How Much Hair Is Normal to Lose? We Have Your Answer
Hair loss is a sensitive topic, but it's also very common. Many people experience it at some point in their lives, including a handful of celebrities. No matter the cause — genetics, stress, an illness — or the form, it can be upsetting. That said, it's not uncommon for someone to confuse normal hair shedding with hair loss. Every time you brush and wash your hair, it's normal to have some hair fall out, but it's a fine line. It's understandable if you often find yourself wondering: how much hair is normal to lose?
There is no hard and fast rule for how much hair shedding is normal, and there are many factors that can influence shedding that vary from person to person, so we tapped a hairstylist to get some parameters.
Hair Loss vs. Hair Shedding
First things first: let's understand the difference between hair loss and hair shedding — because they're not the same. According to the American Academy of Dermatology, people can experience hair shedding after a life-changing event — be it losing weight, giving birth, experiencing trauma, having an illness, or even stopping a medication. The good news is, after you recover from said event, your hair should return to its natural state.
Hair loss, also known by its medical name of anagen effluvium, can be hereditary or a result of harsh hairstyling practices or illness. Unless treatment is pursued or the cause is remedied, the hair loss can be permanent.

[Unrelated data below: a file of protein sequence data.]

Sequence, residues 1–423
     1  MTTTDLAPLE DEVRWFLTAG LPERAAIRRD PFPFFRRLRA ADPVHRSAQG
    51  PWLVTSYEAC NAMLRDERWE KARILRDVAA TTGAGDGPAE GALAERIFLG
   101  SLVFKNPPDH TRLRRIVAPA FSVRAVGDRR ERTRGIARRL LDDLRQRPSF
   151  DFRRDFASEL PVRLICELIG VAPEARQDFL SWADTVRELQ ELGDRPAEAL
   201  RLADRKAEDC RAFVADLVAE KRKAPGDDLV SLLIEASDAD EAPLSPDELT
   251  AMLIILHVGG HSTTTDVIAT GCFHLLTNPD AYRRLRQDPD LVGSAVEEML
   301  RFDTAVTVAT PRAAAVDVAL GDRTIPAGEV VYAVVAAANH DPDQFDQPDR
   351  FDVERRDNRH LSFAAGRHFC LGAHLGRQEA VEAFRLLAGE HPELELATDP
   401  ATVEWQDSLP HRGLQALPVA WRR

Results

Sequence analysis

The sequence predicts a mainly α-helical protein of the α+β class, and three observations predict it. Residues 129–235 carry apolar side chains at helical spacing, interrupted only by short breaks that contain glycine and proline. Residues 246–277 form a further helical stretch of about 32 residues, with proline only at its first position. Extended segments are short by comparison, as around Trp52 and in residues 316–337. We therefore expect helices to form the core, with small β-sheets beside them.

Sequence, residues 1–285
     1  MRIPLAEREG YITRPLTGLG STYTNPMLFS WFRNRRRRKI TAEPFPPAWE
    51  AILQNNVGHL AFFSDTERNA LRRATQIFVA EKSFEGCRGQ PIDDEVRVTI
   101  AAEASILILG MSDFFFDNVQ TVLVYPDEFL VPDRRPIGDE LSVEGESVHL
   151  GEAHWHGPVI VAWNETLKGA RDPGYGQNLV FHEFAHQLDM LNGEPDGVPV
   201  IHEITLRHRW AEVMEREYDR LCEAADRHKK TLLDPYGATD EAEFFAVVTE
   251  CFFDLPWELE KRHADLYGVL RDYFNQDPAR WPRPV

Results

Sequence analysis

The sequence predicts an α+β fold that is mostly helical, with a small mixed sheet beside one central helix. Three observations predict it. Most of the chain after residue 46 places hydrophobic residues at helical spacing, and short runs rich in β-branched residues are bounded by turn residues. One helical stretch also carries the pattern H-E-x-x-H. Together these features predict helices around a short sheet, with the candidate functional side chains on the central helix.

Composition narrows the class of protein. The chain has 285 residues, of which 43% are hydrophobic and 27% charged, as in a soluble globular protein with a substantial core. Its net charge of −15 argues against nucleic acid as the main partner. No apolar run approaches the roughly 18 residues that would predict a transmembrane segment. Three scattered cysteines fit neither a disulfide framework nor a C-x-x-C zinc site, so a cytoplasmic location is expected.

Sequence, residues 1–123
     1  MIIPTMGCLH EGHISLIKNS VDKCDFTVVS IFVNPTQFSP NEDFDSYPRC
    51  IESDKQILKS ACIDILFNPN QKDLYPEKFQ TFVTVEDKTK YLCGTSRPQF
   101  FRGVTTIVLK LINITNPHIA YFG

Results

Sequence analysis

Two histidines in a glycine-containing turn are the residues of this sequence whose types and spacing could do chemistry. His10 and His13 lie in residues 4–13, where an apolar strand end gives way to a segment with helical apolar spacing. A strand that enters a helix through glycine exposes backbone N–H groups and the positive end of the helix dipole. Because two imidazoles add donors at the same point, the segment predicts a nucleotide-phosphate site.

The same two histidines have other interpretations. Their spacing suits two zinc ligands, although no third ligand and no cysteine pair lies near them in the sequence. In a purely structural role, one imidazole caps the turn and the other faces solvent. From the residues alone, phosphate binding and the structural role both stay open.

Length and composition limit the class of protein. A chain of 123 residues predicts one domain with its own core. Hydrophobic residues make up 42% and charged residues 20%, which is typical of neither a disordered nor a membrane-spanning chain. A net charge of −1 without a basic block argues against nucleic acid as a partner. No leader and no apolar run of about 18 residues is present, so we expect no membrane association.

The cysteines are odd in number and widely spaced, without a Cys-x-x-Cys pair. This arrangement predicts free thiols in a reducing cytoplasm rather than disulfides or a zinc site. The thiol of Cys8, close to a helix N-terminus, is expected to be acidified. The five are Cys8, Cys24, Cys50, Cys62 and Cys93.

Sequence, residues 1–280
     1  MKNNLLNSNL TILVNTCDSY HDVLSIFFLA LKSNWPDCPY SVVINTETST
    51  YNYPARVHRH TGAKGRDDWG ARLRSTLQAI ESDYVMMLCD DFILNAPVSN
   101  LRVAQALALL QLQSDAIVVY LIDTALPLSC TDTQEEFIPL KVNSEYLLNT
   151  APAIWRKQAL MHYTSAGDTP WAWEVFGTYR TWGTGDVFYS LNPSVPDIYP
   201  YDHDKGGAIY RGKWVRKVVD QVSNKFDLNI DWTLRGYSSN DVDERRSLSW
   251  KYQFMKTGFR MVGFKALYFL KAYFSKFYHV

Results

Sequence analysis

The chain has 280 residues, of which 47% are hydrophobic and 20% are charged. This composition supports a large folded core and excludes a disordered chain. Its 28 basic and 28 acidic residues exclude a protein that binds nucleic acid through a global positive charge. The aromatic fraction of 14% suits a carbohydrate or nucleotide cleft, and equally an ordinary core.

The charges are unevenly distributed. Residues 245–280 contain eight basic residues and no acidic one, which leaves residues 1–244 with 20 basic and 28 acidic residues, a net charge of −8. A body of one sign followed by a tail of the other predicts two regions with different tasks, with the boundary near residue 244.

How Much Hair Loss Is Normal?
Repeat after us: everyone experiences some hair falling out — it's impossible not to. "Hair fall is a natural part of the hair life cycle," David Adams, a consulting trichologist for Thicker Fuller Hair, previously told POPSUGAR. The life cycle of a hair follicle has three stages: growing, resting, and shedding. This cycle repeats continuously with each hair at different times. That said, some people do experience more hair loss than normal — but how much is normal?
"It is normal to lose around 50 to 100 strands per day," Adams said, "and some of your loose hair strands tend to get held in place by styling products . . . If you brush your hair every day, you do not notice hair fall as much as you would if you are only brushing every two to three days."
Now, we don't expect you to go counting every piece of hair that comes out of your head. If you believe you're experiencing more fall out than 50 to 100 strands a day, it's best to consult a board-certified dermatologist for some answers.